Let’s tear down the walls so they can rebuild them.

Parents owe it to the children they bring into the world to put the tools of living in their hands -hands which we have made strong and capable as we can. But having given them the hands and the tools, we owe it to them not to do their digging for them.

-Lenora Mattingly Weber


You are raising an explorer, a citizen, a gymnast, a poet and an engineer.

Let’s tear down the walls so they can rebuild them.

The other day I watched 10 year olds build a whole world themselves. A group of grade 4 students were playing with a pile of blocks in the tall grass outside of our science centre. In the span of twenty minutes they defined goals and roles for themselves, dealt with adversity (the collapse of a wall), invited new friends and turned away others. They made plans and changed them. They tested and iterated, experimented and dreamed. They used their bodies and their brains. Without any direction from an adult they were driven to explore the possibilities the world presented, and to learn from that experience. They were navigating a microcosm of the world I know as an adult – with challenges, good and bad. They didn’t need direction, they needed space, and challenge, and room to learn from the experiences they were having.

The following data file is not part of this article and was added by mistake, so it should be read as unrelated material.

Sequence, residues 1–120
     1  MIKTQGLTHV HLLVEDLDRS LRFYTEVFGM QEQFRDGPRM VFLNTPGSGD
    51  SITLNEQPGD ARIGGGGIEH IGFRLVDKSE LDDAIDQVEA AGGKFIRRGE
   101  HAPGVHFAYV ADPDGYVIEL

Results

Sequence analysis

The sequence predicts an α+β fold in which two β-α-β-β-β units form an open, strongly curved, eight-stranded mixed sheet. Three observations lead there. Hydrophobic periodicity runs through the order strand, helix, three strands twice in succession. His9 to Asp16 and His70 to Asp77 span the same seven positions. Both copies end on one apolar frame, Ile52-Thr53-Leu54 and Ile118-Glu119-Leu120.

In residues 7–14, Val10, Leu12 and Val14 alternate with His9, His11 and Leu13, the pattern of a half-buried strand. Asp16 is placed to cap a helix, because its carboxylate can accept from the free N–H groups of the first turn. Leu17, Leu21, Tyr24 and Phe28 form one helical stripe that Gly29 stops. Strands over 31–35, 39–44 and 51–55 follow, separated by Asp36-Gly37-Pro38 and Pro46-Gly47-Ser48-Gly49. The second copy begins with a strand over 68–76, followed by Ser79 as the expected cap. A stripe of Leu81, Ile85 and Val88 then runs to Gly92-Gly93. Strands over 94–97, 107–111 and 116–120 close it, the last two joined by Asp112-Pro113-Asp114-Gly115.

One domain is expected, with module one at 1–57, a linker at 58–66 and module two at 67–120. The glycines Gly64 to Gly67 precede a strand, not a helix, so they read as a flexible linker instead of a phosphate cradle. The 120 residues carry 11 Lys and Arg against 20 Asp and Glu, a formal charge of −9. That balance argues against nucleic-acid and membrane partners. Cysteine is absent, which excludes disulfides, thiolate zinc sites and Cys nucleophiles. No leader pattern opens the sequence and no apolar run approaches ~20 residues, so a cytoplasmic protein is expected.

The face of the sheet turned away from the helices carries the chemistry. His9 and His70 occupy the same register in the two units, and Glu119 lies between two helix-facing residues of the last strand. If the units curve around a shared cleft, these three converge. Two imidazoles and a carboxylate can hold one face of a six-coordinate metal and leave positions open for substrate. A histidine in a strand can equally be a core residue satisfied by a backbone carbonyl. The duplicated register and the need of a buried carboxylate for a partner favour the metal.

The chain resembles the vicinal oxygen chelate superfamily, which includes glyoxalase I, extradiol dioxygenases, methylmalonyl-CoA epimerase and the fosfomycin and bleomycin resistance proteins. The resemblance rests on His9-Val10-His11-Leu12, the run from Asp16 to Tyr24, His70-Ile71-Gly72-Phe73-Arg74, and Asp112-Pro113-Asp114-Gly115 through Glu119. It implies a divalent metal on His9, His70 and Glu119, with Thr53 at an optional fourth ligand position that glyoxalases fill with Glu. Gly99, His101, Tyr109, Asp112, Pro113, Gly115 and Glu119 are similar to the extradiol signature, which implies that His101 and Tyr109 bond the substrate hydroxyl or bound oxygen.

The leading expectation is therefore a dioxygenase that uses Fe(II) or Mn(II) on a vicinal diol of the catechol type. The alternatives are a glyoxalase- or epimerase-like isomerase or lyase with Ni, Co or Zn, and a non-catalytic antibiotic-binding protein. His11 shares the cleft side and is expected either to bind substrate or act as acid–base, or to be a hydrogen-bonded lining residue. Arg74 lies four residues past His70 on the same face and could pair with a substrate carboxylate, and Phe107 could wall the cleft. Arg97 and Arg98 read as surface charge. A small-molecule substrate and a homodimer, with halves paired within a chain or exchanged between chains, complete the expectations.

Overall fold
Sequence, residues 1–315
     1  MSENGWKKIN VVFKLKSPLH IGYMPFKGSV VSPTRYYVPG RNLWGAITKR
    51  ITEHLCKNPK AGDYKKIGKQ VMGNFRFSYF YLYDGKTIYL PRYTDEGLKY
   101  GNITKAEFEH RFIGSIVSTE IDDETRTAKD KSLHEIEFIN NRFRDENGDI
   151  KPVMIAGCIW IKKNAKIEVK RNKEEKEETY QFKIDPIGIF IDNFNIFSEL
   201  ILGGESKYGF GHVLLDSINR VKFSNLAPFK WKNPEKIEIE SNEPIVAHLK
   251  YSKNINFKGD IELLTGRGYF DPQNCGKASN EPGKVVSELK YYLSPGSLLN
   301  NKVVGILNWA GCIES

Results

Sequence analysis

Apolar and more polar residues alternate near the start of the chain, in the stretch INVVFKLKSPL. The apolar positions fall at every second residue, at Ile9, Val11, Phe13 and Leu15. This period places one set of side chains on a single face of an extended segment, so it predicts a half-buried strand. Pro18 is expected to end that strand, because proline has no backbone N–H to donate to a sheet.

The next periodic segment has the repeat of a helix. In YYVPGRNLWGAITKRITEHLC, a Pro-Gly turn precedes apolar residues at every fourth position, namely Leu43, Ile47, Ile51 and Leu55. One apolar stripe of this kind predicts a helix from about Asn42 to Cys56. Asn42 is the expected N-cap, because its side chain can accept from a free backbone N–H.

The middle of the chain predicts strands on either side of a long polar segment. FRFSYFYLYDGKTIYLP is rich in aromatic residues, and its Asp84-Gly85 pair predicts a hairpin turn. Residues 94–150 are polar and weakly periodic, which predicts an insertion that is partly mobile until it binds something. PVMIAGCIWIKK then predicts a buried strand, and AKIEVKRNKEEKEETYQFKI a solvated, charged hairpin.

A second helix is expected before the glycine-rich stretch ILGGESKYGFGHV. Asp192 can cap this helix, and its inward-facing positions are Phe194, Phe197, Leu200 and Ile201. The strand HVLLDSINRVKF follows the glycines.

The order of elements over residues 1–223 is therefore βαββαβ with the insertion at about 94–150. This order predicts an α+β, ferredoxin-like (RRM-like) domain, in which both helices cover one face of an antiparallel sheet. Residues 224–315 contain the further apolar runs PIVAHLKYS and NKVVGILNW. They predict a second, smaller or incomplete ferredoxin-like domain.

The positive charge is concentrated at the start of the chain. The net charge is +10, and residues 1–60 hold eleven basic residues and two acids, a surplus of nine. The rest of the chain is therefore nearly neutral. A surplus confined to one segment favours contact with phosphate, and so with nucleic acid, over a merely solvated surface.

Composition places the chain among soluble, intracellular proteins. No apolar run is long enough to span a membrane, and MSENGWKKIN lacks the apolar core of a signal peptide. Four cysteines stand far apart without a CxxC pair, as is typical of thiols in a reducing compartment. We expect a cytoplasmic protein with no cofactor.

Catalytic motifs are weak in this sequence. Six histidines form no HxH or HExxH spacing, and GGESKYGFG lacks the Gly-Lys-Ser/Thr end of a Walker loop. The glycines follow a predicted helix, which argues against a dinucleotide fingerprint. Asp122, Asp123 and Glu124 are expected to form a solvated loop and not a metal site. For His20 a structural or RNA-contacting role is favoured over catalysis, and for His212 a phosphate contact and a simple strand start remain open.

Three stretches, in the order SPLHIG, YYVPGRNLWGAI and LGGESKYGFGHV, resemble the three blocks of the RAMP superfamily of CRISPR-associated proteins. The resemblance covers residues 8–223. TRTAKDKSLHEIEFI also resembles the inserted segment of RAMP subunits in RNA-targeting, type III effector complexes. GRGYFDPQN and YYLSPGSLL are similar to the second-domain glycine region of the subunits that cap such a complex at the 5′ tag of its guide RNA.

It might look like they were “just playing”, but those kids were developing and ability to see what needed to be done, and to do it successfully without being told how. This is because play literally shapes your brain. Early experiences and environments affect the architecture of the maturing brain. The connections formed in early childhood become the foundation for all of the development and behaviours that follow. You can change your brain later in life, and it’s easier if the foundations are strong.

Play teaches you how to make decisions. This mechanism – called executive function – makes it easier to learn new information and use skills in new and complex situations. Playing in environments with open-ended physical and mental challenges helps to develop these skills, so that each successive phase of learning and development builds on a solid base. Play prepares you for future challenges.  Stress is one of the most powerful forces in a child’s development. Your role as a caring adult is to help the children around you effectively navigate the stresses they encounter. This is the most important thing you can do for healthy brain development. This is why play is so important

Evidence of getting into trouble? Or evidence of development…